These can typically be found in shops, markets, public buildings, in front of altars, or even along the streets where they may be having a fun little competition.
TRY PAN DE MUERTO BREAD
So, you may have seen in one of the last sections that I had mentioned yolk/yuma Bread, well it can also often be referred to as pan de muerto or pan de yema as well. Although the flavors can vary, it’s most recognized by having a “person’s head” sticking out of it, yes that part is edible also!
Oftentimes, it’s best enjoyed by dipping it into local hot chocolate. Can’t you just smell the cocoa? Yum!
These breads are extremely common and can be found at most markets during this time of year.
If you’re vegan, Etnofood in the Centro of Oaxaca makes a vegan version as well, be sure to order ahead of time before they run out! (If you’re looking for their information, I’ve placed it in the next section!)
SAVOR THE FLAVORS OF THE AUTHENTIC BLACK MOLE SAUCE
In Mexican traditions, black mole sauce is typically enjoyed only when babies are born, people die or during the Day of the Dead Mexico.
Traditionally it contains bits and pieces of animal products, each variation continuing something different, but I found the only vegan/vegetarian option in all of Oaxaca….and guess what?!
It’s absolutely astonishingly delicious!!! But not only is it delicious, it was made with such precision and care, specifically 18 hours of loving cook time! Wowzer, that’s true dedication!!
The goal of the restaurant from the head chef is to be able to share the original and authentic dishes, but in a vegan way. So that all can enjoy it!
Not only is every meal made with such care and precision, but the ingredients are bought from local merchant markets to keep it a fully sustainable and closed loop system. This type of restaurant is truly rare.
I highly recommend this restaurant as there’s nothing like it in Mexico, that truly tried to share the authentic flavors with all, tries to be sustainable in their practices, and offers experiences with all. But this isn’t just a one time experience or flavor, they switch up the menu every 6 months to offer diversity and keep us drooling, I swear.
Why not know how the food is made and take a completely immersive cooking class too or even a chocolate making class? Not only, will you gain the knowledge, but you’ll make the food, and then savor the flavors of it all. Mmmm..
Book A Vegetarian/Vegan Cooking Class On How To Make Black Mole Sauce Here!
OR Etnofood has even more immersive experiences on their website too!
VISIT A CEMETERY & MAUSOLEUM
Another essential part of the celebration is visiting the stones and cemetery of those that have passed. Similar to altars or ofrendas, people gather to celebrate and honor those that have passed.
During this time, the cemetery becomes a bit more of a welcoming and warmer place. Especially, full of colors, candles, flowers, music, and family.
Some say that normally in their own country, they wouldn’t traditionally go to a cemetery, but during this holiday, the cemetery becomes a bit more lively and people gain a different perspective of the cemetery’s rep.
One of the main cemeteries to visit is the Panteon General (the Oaxaca General Cemetery), also known as the Panteon San Miguel. This cemetery is a bit smaller and gives a truly intimate experience.
Another popular cemetery, in the village of Xoxocotlan, commonly called Xoxo (pronounced “ho-ho”), is a good place to visit on the night of October 31st, as it is the most celebrated night. Although, be sure to note that this cemetery is the biggest celebrated cemetery and is even a bit known to have a small carnival atmosphere outside the cemetery.
Also, there are two cemeteries, here, the Panteon Viejo (old cemetery) and the Panteon Nuevo (new cemetery). Both great, but both offering different perspectives. If you decided to go to both, they are merely about 5-10 minutes apart from each other.
Please Note: Ensure that you have a ride set up there and back, as people have been known to be dropped off and then left by the taxis, then only given a ride for 900 pesos back, because the cemetery is further outside the city and much hard to get a ride. Maybe try securing an honest ride, renting a car, or join a local when going.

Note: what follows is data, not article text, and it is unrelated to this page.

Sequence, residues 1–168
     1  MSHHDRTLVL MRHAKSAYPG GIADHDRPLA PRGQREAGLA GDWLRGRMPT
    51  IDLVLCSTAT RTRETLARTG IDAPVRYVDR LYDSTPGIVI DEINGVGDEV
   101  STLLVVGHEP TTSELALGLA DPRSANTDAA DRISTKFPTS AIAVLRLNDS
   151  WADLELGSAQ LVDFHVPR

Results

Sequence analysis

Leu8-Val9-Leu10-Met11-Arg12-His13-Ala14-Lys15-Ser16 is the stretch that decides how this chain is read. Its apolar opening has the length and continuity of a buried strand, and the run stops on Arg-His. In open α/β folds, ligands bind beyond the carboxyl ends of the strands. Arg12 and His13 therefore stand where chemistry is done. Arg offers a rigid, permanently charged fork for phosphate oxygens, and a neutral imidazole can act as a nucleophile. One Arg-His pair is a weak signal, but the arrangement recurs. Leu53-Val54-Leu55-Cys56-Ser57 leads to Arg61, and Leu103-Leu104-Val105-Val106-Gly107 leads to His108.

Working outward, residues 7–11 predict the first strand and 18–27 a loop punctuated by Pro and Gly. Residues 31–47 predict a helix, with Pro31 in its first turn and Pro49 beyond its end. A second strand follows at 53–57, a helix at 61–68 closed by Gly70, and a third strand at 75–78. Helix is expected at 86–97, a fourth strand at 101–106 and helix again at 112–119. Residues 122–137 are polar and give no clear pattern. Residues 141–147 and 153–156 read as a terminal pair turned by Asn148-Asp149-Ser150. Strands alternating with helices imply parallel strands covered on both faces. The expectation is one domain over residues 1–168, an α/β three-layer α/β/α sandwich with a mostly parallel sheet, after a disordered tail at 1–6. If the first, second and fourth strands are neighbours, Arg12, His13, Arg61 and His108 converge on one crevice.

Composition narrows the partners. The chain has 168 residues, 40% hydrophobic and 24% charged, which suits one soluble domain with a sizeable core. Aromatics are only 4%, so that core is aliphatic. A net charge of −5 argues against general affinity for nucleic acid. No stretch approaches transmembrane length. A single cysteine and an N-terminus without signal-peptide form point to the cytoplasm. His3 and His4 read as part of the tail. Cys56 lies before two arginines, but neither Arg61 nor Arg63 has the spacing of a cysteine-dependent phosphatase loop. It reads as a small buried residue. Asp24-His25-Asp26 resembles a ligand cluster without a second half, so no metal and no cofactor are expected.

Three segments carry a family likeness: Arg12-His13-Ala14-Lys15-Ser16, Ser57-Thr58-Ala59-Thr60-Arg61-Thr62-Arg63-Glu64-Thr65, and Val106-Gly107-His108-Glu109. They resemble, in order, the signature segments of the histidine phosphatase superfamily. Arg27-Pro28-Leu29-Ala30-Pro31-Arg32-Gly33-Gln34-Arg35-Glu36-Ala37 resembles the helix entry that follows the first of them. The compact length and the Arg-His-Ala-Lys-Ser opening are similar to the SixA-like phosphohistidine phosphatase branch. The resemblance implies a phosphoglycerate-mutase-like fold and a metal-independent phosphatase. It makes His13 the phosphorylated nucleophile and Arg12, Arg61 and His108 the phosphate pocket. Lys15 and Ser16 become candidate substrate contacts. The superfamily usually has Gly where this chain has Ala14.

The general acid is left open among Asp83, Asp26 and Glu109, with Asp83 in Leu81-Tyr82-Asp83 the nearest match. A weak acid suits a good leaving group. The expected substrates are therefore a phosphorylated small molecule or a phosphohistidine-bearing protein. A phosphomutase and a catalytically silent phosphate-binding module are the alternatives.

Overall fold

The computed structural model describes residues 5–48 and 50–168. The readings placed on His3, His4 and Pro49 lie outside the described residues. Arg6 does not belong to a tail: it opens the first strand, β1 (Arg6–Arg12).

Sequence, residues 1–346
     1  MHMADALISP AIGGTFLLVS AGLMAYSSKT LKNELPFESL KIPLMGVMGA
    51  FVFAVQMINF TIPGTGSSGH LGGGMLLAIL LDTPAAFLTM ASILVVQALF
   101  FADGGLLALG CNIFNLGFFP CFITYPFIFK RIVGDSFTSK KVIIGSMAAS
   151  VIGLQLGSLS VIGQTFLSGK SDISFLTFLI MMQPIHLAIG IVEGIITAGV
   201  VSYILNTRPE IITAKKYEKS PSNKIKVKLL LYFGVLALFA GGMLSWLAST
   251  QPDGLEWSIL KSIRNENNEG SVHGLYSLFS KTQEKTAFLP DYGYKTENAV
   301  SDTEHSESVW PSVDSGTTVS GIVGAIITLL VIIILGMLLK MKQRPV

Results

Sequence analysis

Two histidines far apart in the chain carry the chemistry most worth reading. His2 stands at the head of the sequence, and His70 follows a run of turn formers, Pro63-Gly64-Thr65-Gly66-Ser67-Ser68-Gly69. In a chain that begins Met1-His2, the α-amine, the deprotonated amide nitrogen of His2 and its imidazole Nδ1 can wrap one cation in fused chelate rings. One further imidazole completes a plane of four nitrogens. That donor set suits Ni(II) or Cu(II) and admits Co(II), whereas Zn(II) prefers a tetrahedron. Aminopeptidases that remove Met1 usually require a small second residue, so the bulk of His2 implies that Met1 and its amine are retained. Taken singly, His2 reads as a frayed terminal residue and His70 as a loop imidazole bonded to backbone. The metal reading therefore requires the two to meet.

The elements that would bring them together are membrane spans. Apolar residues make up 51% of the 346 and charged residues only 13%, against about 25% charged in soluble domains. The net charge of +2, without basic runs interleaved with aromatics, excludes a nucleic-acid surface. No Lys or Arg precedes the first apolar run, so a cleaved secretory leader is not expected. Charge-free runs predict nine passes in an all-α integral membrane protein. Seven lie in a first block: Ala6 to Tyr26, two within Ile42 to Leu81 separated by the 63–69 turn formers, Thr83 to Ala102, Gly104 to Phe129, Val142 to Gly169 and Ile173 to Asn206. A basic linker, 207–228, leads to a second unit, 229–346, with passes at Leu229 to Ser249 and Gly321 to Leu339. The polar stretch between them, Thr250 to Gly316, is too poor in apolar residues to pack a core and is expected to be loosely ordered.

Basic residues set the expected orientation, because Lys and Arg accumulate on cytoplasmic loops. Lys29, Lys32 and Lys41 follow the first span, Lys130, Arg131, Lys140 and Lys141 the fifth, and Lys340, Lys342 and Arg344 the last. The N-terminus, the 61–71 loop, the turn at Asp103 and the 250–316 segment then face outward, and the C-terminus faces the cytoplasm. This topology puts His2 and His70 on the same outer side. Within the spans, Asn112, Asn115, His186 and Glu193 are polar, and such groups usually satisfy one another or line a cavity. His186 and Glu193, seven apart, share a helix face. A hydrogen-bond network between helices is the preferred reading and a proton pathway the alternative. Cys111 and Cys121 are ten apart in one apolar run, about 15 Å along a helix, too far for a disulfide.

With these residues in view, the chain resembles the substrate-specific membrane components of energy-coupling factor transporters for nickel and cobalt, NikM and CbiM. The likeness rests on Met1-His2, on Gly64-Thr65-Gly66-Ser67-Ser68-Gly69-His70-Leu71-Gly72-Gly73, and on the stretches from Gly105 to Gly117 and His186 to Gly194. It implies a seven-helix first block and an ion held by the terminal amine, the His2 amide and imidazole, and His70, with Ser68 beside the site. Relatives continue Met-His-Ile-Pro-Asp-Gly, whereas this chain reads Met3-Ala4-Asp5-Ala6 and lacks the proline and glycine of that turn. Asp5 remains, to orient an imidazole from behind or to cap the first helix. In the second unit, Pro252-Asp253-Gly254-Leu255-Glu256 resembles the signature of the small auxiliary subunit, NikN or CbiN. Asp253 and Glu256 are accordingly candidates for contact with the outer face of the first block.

MARVEL A HISTORICAL PANTHEON / CATHEDRAL
A Pantheon is also similar to a Cathedral, and there are many of them in town, but varying shapes, colors, and styles. Some with winding golden pillars and others with an intimate visit.
Although the term Pantheon is a reference from Europe, it actually fits the city’s small colonial style, similar to European design.
Historically, Pantheons were for celebrating death and death alike, from weddings to funerals. It’s said that their weddings would start at noon and then continue on, one after another, for the entire rest of the day.
It’s said that many years ago, people would spend most of their days in the Pantheons, trying to pray as much as possible because they thought that it would bring them to heaven faster!
Also, please note that it’s a requirement to still wear masks and sanitize your hands when going into the Pantheons/Cathedrals. Typical, visiting these are also free and for all to enjoy, just be sure to be respectful and quiet as others often go to pray and marvel as well.
One that I particularly loved, was the Temple de Santo Domingo de Guzman!
Fun fact: The construction of it started on the ex-convent of Santo Domingo in 1552 and took around a century to build, and was occasionally used by troops during the unsettled period surrounding Mexico´s independence, offering many a sanctuary.
GET A SUGAR SKULL FACE PAINTING
Nearly every street has booths set up in Centro, for people to be able to get their face’s painted in pure celebration.
No matter, what variation you’re looking for, you can always make special requests as well. For example, some people got only half a face done, whether that be the lower half, upper half, and even just one of the side’s of their face done. In comparison to the popular full face of makeup, which is the classical style.
I’d highly suggest looking at what the person is actually able to do versus what their photos show, because oftentimes the photos they have they just got it offline and use it to reference, instead of it being their portfolio.
Typically, the cost of getting a full face painting is around 200-300 pesos depending upon the timing, detail, and quality. Plus, it may be more if you decide to a headband, face jewels, eyelashes and another accessories.
Experiencing The Day of The Dead Mexico, was the experience of a lifetime, I’m so thankful to have gotten to do it, I hope that you are liberated and now have the resources to be able to get out there to enjoy it as well!
I’ll also be hosting group trips to different locations across the world as well and would love to have you join too!
NOW IT’S YOUR TURN TO HAVE SOME FUN & ADVENTURES!
Are you a solo traveler who wants to find more like-minded people and go on amazing adventures like this? Well, not to worry, we actually have group travel trips that you can join in on too!